Fast walking is a preventive factor against new-onset diabetes mellitus in a large cohort from a Japanese general population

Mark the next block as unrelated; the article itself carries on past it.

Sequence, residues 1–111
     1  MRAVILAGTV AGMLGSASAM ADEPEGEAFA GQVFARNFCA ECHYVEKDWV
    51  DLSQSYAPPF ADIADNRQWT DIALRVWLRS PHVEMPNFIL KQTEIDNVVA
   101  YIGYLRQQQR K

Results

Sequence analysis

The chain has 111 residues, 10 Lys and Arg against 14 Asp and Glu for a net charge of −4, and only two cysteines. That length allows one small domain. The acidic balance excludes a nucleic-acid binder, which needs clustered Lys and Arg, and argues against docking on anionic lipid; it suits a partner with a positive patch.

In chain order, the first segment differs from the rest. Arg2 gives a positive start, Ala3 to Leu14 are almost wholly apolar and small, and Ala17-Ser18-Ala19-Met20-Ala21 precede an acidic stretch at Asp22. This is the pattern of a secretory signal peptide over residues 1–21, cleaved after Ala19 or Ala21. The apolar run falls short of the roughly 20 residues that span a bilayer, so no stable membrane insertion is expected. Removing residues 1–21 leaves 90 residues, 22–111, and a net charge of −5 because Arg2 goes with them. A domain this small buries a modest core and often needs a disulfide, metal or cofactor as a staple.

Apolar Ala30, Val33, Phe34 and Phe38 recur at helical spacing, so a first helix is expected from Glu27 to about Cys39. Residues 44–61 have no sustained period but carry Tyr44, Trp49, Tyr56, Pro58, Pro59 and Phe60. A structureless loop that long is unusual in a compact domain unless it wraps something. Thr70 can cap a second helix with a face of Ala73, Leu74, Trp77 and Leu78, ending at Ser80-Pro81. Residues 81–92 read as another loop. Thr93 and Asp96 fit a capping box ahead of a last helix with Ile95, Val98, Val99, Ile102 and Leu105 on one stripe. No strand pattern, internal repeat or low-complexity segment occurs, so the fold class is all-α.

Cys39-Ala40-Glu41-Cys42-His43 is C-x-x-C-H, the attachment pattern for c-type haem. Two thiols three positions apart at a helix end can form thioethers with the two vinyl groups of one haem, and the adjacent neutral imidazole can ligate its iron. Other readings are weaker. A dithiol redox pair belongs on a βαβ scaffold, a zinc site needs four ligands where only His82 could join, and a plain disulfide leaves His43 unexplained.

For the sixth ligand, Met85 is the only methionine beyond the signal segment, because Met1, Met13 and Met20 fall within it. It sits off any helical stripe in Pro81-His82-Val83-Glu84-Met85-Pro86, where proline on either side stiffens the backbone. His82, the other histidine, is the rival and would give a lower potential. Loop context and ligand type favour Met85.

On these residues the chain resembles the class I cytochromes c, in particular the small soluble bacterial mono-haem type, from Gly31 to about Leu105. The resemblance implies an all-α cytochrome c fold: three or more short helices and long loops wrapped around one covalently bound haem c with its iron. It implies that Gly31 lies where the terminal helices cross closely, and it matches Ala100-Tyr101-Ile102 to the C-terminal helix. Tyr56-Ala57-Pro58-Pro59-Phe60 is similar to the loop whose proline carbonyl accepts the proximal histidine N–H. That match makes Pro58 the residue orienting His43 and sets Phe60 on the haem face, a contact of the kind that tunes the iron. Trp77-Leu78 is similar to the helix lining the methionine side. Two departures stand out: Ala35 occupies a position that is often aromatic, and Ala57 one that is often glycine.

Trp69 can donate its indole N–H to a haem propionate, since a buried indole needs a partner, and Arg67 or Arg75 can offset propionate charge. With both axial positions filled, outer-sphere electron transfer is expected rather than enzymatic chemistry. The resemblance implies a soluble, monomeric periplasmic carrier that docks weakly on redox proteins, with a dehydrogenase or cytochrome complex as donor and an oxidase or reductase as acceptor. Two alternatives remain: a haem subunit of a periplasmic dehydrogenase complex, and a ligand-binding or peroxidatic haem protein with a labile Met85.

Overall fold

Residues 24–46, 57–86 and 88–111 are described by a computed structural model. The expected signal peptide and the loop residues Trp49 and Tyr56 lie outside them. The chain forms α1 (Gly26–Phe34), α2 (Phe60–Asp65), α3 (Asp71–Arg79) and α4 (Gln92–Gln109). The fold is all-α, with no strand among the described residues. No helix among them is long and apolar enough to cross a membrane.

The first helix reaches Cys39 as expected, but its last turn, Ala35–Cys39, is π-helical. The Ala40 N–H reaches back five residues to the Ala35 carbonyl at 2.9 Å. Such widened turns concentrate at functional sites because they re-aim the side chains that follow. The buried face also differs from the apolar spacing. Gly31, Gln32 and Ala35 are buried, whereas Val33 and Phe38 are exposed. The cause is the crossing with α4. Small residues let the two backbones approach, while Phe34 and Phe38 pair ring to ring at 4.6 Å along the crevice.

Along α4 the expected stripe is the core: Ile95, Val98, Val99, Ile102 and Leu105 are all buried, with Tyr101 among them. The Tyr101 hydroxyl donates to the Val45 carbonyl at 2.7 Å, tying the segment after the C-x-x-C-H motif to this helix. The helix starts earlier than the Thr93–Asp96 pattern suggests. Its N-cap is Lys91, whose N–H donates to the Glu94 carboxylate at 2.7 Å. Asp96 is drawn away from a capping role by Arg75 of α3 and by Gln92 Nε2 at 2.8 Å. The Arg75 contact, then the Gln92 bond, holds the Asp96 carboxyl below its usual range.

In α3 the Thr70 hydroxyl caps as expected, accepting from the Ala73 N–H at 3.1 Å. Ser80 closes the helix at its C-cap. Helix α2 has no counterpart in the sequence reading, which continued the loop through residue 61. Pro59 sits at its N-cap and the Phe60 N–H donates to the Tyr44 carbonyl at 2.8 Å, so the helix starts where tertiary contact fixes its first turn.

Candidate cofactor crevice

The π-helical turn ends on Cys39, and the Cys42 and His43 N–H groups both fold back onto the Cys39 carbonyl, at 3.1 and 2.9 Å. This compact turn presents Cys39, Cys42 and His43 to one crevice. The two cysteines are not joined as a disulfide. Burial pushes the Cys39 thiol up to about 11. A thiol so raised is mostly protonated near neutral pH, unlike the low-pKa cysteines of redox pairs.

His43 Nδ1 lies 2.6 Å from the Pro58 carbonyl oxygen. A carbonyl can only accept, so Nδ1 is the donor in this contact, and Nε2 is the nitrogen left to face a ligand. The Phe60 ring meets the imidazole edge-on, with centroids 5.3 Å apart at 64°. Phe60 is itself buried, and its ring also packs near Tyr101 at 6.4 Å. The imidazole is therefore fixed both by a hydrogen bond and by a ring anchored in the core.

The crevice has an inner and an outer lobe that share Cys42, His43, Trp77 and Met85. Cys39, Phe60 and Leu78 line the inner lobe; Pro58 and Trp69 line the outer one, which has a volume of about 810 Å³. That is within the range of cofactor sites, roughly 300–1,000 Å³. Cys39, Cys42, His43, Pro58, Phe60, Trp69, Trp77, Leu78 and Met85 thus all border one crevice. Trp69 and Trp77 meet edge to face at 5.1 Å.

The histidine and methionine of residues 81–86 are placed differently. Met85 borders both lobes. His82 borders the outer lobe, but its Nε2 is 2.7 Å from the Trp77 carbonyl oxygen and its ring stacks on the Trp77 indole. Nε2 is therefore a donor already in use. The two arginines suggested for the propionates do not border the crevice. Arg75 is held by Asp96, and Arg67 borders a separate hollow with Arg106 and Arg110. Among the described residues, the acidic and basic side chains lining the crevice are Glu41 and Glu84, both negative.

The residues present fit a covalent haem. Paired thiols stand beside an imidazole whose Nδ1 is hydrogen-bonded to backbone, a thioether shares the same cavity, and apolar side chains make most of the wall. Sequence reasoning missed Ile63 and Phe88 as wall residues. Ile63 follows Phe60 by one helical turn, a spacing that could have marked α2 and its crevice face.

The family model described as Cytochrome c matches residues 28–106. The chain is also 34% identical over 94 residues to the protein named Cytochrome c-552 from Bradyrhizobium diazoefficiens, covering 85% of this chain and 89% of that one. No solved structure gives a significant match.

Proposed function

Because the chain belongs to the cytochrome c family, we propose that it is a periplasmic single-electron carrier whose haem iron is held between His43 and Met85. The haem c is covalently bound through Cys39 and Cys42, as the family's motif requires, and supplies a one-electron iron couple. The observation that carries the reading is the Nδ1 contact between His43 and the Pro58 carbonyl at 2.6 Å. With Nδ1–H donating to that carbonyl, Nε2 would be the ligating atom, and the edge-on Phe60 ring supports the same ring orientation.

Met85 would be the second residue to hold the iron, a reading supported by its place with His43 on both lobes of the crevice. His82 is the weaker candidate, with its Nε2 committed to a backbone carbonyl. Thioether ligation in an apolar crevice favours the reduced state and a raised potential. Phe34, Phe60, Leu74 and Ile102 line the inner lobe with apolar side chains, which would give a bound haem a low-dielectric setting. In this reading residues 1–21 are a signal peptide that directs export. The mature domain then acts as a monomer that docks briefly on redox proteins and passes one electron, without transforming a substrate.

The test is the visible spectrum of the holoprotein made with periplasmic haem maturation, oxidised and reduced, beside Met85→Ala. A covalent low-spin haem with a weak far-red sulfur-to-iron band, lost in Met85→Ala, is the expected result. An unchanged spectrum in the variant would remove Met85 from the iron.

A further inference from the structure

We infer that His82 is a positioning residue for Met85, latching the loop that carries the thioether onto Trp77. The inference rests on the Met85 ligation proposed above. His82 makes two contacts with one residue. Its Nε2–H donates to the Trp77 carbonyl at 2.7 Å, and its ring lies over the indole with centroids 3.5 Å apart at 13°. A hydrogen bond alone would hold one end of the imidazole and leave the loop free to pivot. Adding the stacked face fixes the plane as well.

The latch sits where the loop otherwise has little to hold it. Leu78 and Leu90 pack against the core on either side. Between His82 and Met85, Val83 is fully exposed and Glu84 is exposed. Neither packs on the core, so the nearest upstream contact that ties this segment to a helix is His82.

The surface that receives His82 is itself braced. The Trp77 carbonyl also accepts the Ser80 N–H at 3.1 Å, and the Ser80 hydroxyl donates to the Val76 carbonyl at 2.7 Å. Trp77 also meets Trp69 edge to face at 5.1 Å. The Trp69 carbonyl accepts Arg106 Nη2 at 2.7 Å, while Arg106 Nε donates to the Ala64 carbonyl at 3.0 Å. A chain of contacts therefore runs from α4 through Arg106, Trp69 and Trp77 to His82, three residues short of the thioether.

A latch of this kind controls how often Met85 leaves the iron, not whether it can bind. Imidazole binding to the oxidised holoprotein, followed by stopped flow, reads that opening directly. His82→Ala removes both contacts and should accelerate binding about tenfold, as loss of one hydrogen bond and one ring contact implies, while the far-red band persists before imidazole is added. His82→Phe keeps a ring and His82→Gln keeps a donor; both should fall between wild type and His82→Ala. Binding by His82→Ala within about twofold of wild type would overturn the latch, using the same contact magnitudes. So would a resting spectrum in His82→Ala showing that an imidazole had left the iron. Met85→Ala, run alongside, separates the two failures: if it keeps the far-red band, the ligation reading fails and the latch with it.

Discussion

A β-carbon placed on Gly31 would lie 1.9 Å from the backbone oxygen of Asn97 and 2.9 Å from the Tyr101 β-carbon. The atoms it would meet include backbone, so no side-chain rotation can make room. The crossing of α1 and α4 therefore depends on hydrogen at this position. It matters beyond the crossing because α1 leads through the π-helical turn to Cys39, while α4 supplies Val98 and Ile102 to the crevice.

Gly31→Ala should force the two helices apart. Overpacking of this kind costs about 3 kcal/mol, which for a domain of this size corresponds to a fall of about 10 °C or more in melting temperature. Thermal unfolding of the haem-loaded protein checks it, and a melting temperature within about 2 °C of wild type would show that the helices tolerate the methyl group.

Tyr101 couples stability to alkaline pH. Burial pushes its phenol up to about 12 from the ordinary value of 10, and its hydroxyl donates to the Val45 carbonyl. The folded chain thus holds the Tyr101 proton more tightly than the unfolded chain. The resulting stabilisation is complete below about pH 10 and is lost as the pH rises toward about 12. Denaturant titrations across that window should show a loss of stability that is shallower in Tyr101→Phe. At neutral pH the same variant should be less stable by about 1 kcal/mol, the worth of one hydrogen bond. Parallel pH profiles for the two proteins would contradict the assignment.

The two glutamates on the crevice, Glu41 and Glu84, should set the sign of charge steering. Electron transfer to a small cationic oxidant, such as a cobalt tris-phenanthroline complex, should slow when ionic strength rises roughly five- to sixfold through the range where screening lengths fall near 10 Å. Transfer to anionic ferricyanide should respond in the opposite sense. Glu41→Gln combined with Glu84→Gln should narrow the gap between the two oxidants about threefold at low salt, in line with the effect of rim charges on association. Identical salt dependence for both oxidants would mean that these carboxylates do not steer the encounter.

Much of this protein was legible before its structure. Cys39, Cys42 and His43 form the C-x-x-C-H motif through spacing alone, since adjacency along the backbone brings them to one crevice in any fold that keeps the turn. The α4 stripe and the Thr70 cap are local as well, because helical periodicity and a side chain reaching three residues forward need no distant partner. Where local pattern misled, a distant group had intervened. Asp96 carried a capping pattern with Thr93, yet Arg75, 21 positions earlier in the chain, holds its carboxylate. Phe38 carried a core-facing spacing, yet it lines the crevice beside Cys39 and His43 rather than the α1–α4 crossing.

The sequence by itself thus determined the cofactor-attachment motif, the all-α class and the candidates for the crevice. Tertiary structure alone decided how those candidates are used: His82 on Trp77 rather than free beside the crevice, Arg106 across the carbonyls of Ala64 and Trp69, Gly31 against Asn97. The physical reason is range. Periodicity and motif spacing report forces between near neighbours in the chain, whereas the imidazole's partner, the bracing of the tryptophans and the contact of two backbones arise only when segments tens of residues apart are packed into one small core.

This study revealed two major findings regarding the association between PA measures (habit of exercise, habit of active PA and walking pace) and the incidence of diabetes mellitus in a large Japanese cohort. First, habit of exercise or active PA was positively associated with incidence of diabetes mellitus. Second, fast walking, even after adjustment with multiple covariates, was associated with low incidence of diabetes mellitus and the association was also observed in participants aged ≥ 65 years, in men, and in those with a body mass index ≥ 25 (Table 2, Model 3).By using the questionnaire integrating PA (habit of exercise and habit of active PA) and physical fitness (walking pace), this study evaluated the association between PA components and the incidence of diabetes mellitus. Helmrich et al. reported that weekly amounts of PA (physical activity index, kcal/week) were associated with a reduced risk for type 2 diabetes in the study assessing PA by questionnaires in 5,990 male alumni of the University of Pennsylvania12. Hu et al. examined the risk of developing type 2 diabetes in 70,102 female nurses aged 40–65 years and reported that the risk of type 2 diabetes was reduced stepwise by the magnitude of weekly PA (MET) regardless of the type of PA (walking, jogging, running, bicycling, calisthenics, aerobics, aerobic dance, rowing machine, lap swimming, squash or racquetball and tennis)13.In this study, habit of regular exercise (defined as ≥ 2 times/week of exercise ≥ 4 METs•h, which indicates moderate to vigorous PA (MVPA)), was not associated with prevention of diabetes mellitus. At least two explanations can be raised for the discrepancy between our study and previous studies12,13 on the association of MVPA and onset of diabetes. First, the question in our study was too simple and we could not determine the weekly amounts of PA; thus, limiting the power of the study for estimating onset of diabetes mellitus. In the Nurses’ Health Study, multivariate relative ratios (RRs) of type 2 diabetes were decreased stepwise from 1.0 to 0.58 across quintiles of total PA/week (P for trend < 0.001)13, indicating that amount of PA was associated with the risk of diabetes onset. In this study, regular active PA, equivalent to walking twice per week, did not have the power to estimate onset of diabetes. Collectively, frequency and intensity, not presence or absence, of regular active PA may be required to estimate new-onset of diabetes. Second, the participants with habits of exercise and/or active PA in our study could be a high-risk population (Additional Files 3 and 4). In the SHCG, a recommendation has been provided on exercise and PA to prevent or reduce the incidence of metabolic syndrome. Thus, our participants with waist circumference ≥ 85 cm in men or ≥ 90 cm in women14,15 or with fasting plasma glucose ≥ 100 mg/dL could have been encouraged more for regular exercise or active PA. Actually, the participants with habits of regular exercise and/or active PA showed slightly higher values of fasting plasma glucose (Additional Files 3 and 4).The questions on habits of regular walking had no power to determine low incidence of diabetes mellitus; however, that on fast walking pace had a strong power to do so. There are two possible explanations. First, walking speed may be critical for preventing onset of diabetes. In the Nurses’ Health Study, multivariate RRs were 0.86 (95% CI 0.73–1.01) for “normal or average (3.2–4.8 km/h)” usual walking pace and 0.59 (95% CI 0.47–0.73) for “brisk (4.8–6.2 km/h) or striding (6.4 km/h or faster)” pace compared to women with “easy or casual (less than 3.2 km/h)” pace13. Fast walking is estimated to be 3.8 METs and thus categorized as exercise of moderate intensity (3.0–6.0 MET)16. It has been reported that RRs for exercise of moderate intensity was 0.83 (95% CI 0.75–0.91)17,18, equivalent to that of normal to brisk walking16. Combined, walking speed, not presence or absence of regular walking, is efficient to estimate new-onset of diabetes. Second, fast walking can be an indicator of the low-risk group for onset of diabetes discussed below.There are three explanations why fast walking is an indicator of the low-risk group for onset of diabetes. First, habit of intentional fast walking may reduce onset of diabetes. Theoretically, METs are higher in fast walking, as compared to non-fasting walking; thus, maintenance of fast walking can be protective for the onset of diabetes by increasing daily METs17. Following the guidance in the Specific Health Check and Guidance System, regular exercise and/or active PA had been recommended to our participants who were at or had a risk(s) for metabolic syndrome14. However, in the guidance for walking, frequency (3 days/week) and duration (20 min plus per day), but not pace of walking, have been recommended; thus, it is not likely that a habit of intentional fast walking was linked to onset of diabetes in our participants.Second, fast walking may reflect a high level of physical fitness, which could be protective against new-onset of diabetes. Self-reported walking speed was closely related to objectively measured walking speed among community-dwelling older people19. In our subgroup, self-reported walking speed using the questionnaire was related to the objectively measured walking speed (10 m walking speed, sec)20,21. Fast walking + vs − showed larger differences in BMI and waist circumference (Table 3) as compared to exercise to sweat lightly + vs − or walking > 1 h/day + vs − . A higher METs in subjects with fast walking + might be protective22,23 against the onset of obesity and/or diabetes as compared to regular exercise or physical activity. BMI and waist circumference were increased only in Diabetes onset + , but not in Diabetes onset – in all three measures subgroups (Table 4). In Model 3, fast walking was not significanty associated with onset of diabetes when deleted other two physical activities (data not shown). These three physical activity measures can be linked to onset of diabetes in a mutually dependent manner.Third, fast walking may represent a factor in inhibiting onset of diabetes besides physical fitness. In our study, BMI and waist circumference were lower, and age, male sex and frequency of regular drinking were higher in the fast walking + group (Table 3). According to a survey on leisure activities targeting adults over the age of 18 years in Michigan, USA, significant characteristics of fast walkers (≥ 5.6 kph) were men, had high educational background and high annual income, and were also associated with being a smoker and had a high frequency of alcohol consumption24, exhibiting very similar characteristics to our fast walking + group. Although smoking and alcohol drinking are not factors protecting against diabetes, a low BMI can work as a protective factor. Reportedly, low BMI is a strong predictor of habitual exercise25,26; thus, low adiposity can protect ones from diabetes through exercise-induced increase in muscle insulin sensitivity27. Actually, walking pace showed correlations with participation in higher intensity PA, high volumes of total non-occupational PA, and higher frequency and total walking volume24,28. However, low BMI is thought to be a low risk factor for diabetes due to high insulin sensitivity regardless of exercise habits29. In fast walking + group, frequencies of weight gain over 10 kg from twenty and weight change ± 3 kg within 1 year were also lower, suggesting that at least partly fast walking is an indicator for low fluctuation of body weight. Meanwhile, in both subgroups with or without weight gain over 10 kg from twenty, and in without weight change ± 3 kg within 1-year, fast walking was negatively associated with onset of diabetes (Additional File 6). Considering all of the above, fast walking may be a suppressor of diabetes onset regardless of whether or not there is a history of weight gain.There are a number of studies that have investigated the prevention of the onset of type 2 diabetes by intervention in lifestyle habits including exercise therapy. The relative risk reduction (RRR) of diabetes onset in the study intervention groups such as the Finish Diabetes Prevention Study30,31, Diabetes Prevention Program Research Group32, Kosaka et al.33, China Da Qing Diabetes Prevention Study34, and Indian Diabetes Prevention Programme35 were 58%, 58%, 67%, 51% and 29%, respectively, compared with the control groups. Results of meta-analysis have also shown a preventive effect on nearly half of the subjects, with a RRR of 49%36. However, appropriate assessment scale of current habits for PA/exercise and appropriate personalized goals has not been clarified for preventing type 2 diabetes mellitus in a nation-wide scale. This study suggests that fast walking is a simple and independent preventive factor for new-onset of diabetes mellitus. It may be required to verify that the intervention of walking pace is effective to reduce onset of diabetes in future studies.This study has several limitations. First, in the specific health examination of Japanese citizens aged 40–74 years, there were as many as 51.91 million people from March 2008 to April 2009. However, examination is not an obligation; thus, only 20.01 million people (37.4%) were examined. Therefore, this study may have a bias. Second, because of the age range of 40–74 years old, the onset of diabetes before 39 years old is unknown. Therefore, it will not be a factor in the analysis of juvenile onset type 2 diabetes. Third, the information recorded on the questionnaires was self-reported and judgment on walking pace was subjective. Fourth, the observation period was short. Fifth, we could determine only “self-reported”, but not real, timing of last meal, suggesting that little non-fasting (< 10 h) glucose may be included in the analysis. Sixth, because comparing group difference for large samples could link to type I error, we should be careful to interpret true differences between groups.In conclusion, fast walking is a simple and independent preventive factor for new-onset of diabetes mellitus in the health check-up and guidance system in Japan. It is necessary to verify whether intervention of walking pace reduces onset of diabetes in future studies.